(Removes repetitious phrasing in paragraphs 14, 15)
By Edward Taylor and Eric Auchard
PARIS/FRANKFURT, Sept 29 Alarmed by the threat
posed by Silicon Valley firms to their businesses in developing
autonomous driving systems, it was evident at the Paris Motor
Show this week that carmakers are seeking to fight back by
cooperating in areas of technology development where previously
they might have tried to compete.
Three big carmakers - BMW, Daimler and
VW's Audi - announced earlier this week they would
launch new traffic monitoring services next year which give
drivers a view of road conditions along their entire route,
based on video data collected by their jointly-owned navigation
mapping services firm HERE from sensors incorporated in other
Meanwhile HERE's Dutch rival TomTom NV, on
Thursday announced traffic data deals for truckmaker Volvo
and carmaker Skoda, a VW subsidiary.
Connecting cars on the move with the Internet also needs
more reliable mobile telecoms networks and towards that end
Germany's top automakers said this week they were teaming up
with the telecoms network equipment makers Ericsson,
Huawei, Nokia, Qualcomm and
Intel to help with developing the next-generation 5G
networks set to debut around 2020 (reut.rs/2dcPuCy).
It's unfamiliar territory for carmakers who are unaccustomed
to cooperating as they battle for distinctive features that will
help drive sales of their latest model vehicles.
"This is how the automotive industry may be able to fight
off the threat that Apple and particularly Google
represent to their brands as digital services become
more and more important," technology investment analyst Richard
Moreover, carmakers are now racing one another to plot their
paths to building self-driving vehicles over the next five
That's a dramatic acceleration from the 10- to 15-year
timeframes many had charted until pushed to speed up the process
by the advances made by Google and Tesla.
"We see the car transforming from a product into the
ultimate platform," Daimler Chairman Dieter Zetsche said.
Now General Motors, Nissan and VW are also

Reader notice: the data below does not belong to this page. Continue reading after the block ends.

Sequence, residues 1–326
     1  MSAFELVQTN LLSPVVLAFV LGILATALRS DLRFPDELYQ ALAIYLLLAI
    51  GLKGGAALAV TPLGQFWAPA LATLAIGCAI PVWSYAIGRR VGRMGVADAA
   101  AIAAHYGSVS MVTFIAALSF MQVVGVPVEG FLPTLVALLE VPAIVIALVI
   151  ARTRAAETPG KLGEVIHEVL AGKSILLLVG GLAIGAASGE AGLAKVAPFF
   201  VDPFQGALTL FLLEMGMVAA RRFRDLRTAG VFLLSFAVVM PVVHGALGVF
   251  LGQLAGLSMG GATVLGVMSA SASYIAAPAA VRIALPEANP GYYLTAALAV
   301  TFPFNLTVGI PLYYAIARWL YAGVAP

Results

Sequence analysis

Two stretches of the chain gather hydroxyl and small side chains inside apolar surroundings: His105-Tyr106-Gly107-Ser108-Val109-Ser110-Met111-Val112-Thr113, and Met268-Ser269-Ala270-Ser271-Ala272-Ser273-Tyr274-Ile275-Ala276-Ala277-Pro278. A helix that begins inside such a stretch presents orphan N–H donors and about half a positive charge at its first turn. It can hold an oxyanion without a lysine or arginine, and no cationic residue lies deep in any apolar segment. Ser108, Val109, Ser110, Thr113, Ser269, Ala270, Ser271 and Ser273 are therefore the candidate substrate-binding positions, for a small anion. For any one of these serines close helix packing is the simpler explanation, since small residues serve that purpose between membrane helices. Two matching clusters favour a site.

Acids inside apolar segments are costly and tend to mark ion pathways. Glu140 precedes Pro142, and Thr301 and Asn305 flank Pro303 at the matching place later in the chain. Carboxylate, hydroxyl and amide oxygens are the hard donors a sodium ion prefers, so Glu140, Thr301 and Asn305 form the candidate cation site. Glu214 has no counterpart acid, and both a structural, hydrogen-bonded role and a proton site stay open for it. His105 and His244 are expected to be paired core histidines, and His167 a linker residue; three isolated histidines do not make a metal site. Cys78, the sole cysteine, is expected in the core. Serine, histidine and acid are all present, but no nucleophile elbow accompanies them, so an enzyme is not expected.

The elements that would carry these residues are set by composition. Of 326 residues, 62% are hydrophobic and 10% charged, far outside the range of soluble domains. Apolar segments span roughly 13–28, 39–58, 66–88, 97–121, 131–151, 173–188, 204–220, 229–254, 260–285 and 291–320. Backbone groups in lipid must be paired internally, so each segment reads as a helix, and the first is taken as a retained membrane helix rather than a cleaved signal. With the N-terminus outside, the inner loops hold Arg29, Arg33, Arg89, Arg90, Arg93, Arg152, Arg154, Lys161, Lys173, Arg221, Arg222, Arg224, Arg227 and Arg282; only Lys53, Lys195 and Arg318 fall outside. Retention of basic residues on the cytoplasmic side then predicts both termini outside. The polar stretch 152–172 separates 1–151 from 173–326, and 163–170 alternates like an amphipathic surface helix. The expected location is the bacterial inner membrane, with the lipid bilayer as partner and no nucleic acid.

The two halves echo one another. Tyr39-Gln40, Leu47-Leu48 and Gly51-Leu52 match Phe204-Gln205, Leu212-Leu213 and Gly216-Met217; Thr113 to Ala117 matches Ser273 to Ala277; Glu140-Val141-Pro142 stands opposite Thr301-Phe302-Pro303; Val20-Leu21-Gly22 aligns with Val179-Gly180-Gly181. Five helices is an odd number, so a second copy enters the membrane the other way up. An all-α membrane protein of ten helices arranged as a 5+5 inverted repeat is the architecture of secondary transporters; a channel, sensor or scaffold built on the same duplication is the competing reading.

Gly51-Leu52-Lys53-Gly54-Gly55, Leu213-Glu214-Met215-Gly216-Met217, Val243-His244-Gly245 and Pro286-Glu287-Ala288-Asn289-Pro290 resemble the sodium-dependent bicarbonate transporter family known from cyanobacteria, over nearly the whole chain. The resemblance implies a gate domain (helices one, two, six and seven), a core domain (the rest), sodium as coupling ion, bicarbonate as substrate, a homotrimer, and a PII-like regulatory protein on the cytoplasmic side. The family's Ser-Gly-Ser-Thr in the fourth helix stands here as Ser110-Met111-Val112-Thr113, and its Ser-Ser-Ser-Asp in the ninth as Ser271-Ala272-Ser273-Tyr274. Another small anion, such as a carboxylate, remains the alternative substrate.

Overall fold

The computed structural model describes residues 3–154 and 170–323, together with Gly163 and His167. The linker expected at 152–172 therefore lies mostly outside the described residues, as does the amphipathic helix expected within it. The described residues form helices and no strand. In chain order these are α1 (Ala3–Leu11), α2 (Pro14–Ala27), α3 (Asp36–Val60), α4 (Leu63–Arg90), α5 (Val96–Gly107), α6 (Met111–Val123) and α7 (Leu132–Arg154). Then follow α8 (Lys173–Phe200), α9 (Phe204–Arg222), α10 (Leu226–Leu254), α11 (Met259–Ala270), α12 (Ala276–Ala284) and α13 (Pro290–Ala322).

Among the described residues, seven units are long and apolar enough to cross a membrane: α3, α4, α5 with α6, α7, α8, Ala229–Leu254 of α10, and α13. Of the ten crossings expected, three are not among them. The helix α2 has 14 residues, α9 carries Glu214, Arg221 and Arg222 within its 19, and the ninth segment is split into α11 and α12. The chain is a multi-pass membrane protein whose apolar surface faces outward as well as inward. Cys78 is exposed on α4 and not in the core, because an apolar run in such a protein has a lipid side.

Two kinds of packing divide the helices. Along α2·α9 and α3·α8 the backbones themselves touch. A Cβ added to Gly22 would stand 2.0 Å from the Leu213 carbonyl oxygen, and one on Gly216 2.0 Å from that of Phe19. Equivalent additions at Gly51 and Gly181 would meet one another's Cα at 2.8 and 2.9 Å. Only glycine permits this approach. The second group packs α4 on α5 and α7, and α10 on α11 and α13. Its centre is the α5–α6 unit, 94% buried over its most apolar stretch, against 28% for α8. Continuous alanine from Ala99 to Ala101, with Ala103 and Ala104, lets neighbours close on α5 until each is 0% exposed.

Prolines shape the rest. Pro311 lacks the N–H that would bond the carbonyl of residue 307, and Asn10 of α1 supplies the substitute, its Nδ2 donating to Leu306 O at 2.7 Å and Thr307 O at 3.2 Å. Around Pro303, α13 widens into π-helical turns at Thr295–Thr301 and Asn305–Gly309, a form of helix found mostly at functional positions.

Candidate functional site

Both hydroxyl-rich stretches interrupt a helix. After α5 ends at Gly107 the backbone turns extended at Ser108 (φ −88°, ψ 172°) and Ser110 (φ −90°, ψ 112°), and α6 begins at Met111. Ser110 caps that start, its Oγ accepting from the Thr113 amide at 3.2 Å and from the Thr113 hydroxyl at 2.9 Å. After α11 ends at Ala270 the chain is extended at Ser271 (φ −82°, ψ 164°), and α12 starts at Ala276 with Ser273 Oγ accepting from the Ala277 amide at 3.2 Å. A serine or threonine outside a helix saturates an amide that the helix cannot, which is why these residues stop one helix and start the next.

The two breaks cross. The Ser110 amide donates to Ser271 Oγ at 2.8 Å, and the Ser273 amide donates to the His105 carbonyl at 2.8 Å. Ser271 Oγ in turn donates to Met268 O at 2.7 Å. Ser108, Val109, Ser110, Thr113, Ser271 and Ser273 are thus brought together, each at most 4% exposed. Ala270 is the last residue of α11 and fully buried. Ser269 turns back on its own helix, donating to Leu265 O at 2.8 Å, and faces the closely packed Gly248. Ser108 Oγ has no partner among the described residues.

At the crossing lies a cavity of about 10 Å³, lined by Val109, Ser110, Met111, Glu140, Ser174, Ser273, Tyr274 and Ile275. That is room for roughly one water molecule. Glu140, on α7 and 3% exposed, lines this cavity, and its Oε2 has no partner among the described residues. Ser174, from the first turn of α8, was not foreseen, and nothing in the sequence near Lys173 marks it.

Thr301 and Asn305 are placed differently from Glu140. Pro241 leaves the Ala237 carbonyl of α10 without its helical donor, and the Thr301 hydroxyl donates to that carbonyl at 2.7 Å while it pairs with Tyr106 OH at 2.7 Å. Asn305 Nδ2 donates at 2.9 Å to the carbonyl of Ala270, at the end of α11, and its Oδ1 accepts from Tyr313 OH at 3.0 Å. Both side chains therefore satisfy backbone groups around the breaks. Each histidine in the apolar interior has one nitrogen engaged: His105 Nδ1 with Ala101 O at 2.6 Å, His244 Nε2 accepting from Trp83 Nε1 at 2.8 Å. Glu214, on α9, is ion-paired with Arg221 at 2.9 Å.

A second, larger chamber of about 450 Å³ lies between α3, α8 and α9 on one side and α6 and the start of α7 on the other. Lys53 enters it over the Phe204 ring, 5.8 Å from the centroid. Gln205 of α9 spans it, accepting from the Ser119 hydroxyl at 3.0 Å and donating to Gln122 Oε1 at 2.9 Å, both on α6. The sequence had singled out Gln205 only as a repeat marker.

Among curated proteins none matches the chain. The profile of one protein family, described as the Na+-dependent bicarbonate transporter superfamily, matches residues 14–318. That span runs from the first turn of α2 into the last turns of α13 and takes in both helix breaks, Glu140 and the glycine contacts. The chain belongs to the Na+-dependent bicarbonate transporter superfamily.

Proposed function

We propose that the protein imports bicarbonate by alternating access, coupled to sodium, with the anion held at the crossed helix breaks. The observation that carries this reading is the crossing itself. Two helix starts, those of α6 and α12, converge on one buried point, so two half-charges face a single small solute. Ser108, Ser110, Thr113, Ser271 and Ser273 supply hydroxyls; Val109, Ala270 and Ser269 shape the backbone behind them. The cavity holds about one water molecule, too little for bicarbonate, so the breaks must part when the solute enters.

experimenting with a plan to pull video data captured by their
customers' vehicles using Israeli firm Mobileye's
camera-based sensor systems, that may soon give automakers an
edge over the likes of Google in the precision-mapping required
for driverless cars (reut.rs/2daj3Wr).
However, it remains to be seen whether carmakers can charge
premium prices for connected car services as technology
companies like Google look to develop similar offerings for
free, supported by advertising or other business models.
A deal by traffic data start-up Inrix to supply Google-owned
crowd-sourced mapping unit Waze with its data will help drivers
find parking spots on their smartphones via a free app.
And on Thursday Renault said it was working with
Waze on a Google Android Auto protoype for a navigation app that
besides showing traffic conditions will also identify 13,000
electric car-charging stations across France.
Some in the industry are also warning that the move to
developing fully autonomous driving should remain a very gradual
one. Earlier this month pioneering electric car maker Tesla was
accused by Mobileye of "pushing the envelope in terms of
safety", alleging that it had promoted its Autopilot driver
assistance system as "hands-free" (reut.rs/2d5lUiG).
Other carmakers, while reluctant to address the dispute
directly, are keen to emphasise the need for a cautious
"There can be no compromise on safety, which is absolutely
crucial - that is why at PSA we've always believed autonomy will
happen in incremental steps," PSA Chief Executive Carlos Tavares
said in an interview published earlier this month.
"This is not the case for certain competitors who have tried
to produce a fully autonomous vehicle right away."
Among car companies there are two camps: Those who are
trying to develop their autonomous driving technology in-house,
and those who are outsourcing it.
Fiat's recent partnership to build self-driving vans with
Google is seen by analysts as an example of outsourcing, given
the Italian auto maker's weak finances, limiting its ability to
invest in its own software expertise (reut.rs/1ZatE2c).
Daimler, on the other hand, is firmly in the camp of those
auto makers who want to go it alone.
Some partnerships like the deal between Chinese carmaker
Geely's Swedish subsidiary Volvo Car Group's deal to
develop autonomous cars with Uber Technologies, and
General Motor's partnership with Uber's rival Lyft, are seen as
hybrid approaches to such cooperation.
"The automotive industry has and will continue to become a
software business in many ways," Audi of America President Scott
Keogh told Reuters.
"We are either capable of doing it in-house or we are going
to all the partners that we need to go to, whether it's Nvidia
, Mobileye or HERE."
(Editing by Greg Mahlich)